What Came First?: That Winter the Wind Blows Edition
Hi, hi, hi! I’m back again to talk about the roots of dramas. I thought originally that this series would be more constricted to simply live action adaptations of mangas, but nope, not 100% of the time. This second post is going to explore just what came first when it comes to the heavy melodrama That Winter, the Wind Blows (그 겨울, 바람이 분다; Geu gyeoul, barami bunda).
The 2013 Korean drama plot sounded so familiar to me at the time, I had to run and look up Moon Geun Young’s filmography and sure enough, that drama was exactly the same as the 2006 Korean movie Love Me Not (사랑따윈 필요없어; Sarangddawin Piryoeopseo), but that’s still not the original!
Ok. So, first off, what is this series about? There are two men who exist with the same name. One of them is a fairly decent guy who is also friends with the other who is not a very nice person (more like a conman when it comes to women among other things). It turns out the nice guy is actually the son of a wealthy family who left home years ago and is being sought after by his blind little sister. Due to an accident, the bad guy decides to assume the nice guy’s identity and pretends to be this thorny young woman’s brother. But what happens when he starts to fall in love?
This drama (not based on a manga to my knowledge), goes back to 2002. Forget Love (愛なんていらねえよ、夏; Ai Nanta Irane Yo, Natsu) was written by Tatsui Yukari and starred Hirosue Ryoko as Takazano Ako (the blind daughter of a rich family); the awesome Watabe Atsuro as Shiratori Reiji; and Fujiwara Tatsuya as Akutagawa Naru. Reiji is a pimp who went to jail for six months and when he gets out he’s lost everything except a 6 million dollar debt. Ah, this is because one of his women was actually a poor bank teller who embezzled money and heaped the blame on him. Mistaken for the nice Reiji who passed away while trying to protest the bad Reiji’s false incarceration, he claims Nice Reiji’s identity in order to gain access to the inheritance left to him by his recently deceased father. What starts out as a con does slowly turn into love for the Ako who is Good Reiji’s sister. I just recently found this drama with English subtitles. I’m definitely watching as I do like Watabe Atsuro and Fujiwara Tatsuya.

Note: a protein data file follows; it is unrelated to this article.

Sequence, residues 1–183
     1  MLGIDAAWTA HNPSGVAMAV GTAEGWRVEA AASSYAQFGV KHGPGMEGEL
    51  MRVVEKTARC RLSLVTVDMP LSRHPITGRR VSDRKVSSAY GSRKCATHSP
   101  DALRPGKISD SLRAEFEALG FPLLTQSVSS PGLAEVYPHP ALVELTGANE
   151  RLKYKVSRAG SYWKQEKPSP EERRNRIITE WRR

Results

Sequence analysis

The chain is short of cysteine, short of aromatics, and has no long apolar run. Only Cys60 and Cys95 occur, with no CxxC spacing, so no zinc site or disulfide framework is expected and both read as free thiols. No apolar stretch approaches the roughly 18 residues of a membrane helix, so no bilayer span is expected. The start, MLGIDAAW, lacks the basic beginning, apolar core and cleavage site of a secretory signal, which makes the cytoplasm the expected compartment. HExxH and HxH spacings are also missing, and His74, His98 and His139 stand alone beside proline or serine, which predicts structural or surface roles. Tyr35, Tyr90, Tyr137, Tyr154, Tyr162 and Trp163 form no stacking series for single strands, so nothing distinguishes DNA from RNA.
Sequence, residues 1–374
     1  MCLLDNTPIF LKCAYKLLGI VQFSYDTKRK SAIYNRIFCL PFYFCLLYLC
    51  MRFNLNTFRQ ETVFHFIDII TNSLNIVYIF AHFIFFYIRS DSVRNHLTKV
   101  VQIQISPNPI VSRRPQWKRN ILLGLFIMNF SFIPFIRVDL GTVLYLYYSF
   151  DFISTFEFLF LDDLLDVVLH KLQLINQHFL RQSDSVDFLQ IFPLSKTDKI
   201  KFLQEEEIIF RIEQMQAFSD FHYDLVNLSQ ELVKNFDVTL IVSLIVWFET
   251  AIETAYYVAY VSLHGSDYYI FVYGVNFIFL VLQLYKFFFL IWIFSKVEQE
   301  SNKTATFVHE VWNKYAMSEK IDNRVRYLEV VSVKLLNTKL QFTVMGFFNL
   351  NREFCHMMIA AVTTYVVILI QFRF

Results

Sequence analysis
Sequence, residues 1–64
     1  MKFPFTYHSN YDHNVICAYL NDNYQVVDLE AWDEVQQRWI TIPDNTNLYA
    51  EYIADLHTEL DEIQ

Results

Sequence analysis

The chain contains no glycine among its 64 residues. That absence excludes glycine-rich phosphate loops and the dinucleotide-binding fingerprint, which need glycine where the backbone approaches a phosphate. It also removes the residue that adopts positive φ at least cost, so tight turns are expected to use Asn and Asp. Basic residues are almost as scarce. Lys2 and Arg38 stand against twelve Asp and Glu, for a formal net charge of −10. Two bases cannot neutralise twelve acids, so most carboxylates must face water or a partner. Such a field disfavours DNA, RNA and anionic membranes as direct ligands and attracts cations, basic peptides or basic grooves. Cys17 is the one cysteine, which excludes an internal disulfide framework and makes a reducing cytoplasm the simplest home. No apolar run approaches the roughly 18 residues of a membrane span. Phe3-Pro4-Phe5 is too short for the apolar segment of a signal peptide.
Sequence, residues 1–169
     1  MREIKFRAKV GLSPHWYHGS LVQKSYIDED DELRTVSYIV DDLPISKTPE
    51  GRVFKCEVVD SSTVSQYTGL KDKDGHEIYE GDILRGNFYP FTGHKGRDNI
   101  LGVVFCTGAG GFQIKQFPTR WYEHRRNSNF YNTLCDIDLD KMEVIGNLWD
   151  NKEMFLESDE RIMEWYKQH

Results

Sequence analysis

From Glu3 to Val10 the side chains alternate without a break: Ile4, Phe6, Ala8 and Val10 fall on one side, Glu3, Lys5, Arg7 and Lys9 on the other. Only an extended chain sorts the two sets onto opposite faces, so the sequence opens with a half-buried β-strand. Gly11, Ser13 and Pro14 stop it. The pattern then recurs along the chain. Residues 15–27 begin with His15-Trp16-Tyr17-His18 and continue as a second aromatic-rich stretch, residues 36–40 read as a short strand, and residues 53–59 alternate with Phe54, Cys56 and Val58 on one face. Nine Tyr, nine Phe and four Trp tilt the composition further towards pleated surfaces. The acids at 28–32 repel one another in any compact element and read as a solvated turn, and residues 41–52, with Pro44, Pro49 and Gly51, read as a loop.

Then came the 2006 Korean movie Love Me Not which starred Moon Geun Young as the cold, blind heiress Ryoo Min and Kim Ju Hyeok as Julien. Julien is very much a narcissist who loves to con money out of his wealthy lady clients, but he gets into big trouble when he expands his business too fast. Thus he takes on Ryoo Min’s older brother’s identity in hopes to bump off the blind girl and claim her fortune to save his life. Of course the two fall in love and the disease that took Ryoo Min’s eyesight years ago returns to threaten her life. I haven’t watched this all the way through yet, but it’s not too bad from what I’ve seen.
Finally we come to the last incarnation (that I know of), the 2013 Korean drama That Winter, the Wind Blows. This drama starred two Hallyu icons – Song Hye Kyo and Jo In Sung as our two main characters. Oh…we can’t forget that Kim Bum is also in this drama. Oh Soo was abandoned as a child and as he grows up he became very cold and callous. He’s an exceptional gambler and involved with an actress. This jealous woman frames him for her own embezzlement to make sure he doesn’t leave her while she goes out of the country for a year. When Oh Soo gets out of jail, he has nothing left and is still saddled with paying back the embezzled money. He’s given 100 days. He gets mistaken for Oh Young’s brother (who was Oh Soo’s friend/underling also named Oh Soo) and knowing that he is in desperate need of money, he undertakes the role of being the blind woman’s older brother in hopes of gaining the inheritance to save his life.
So…they all have similar plots, but I’m sure you can tell the original stories have been tweaked and changed. One thing to note is that the original drama figured heavily in summer (“natsu”) while both the Korean dramas played heavily on winter “gyeoul”).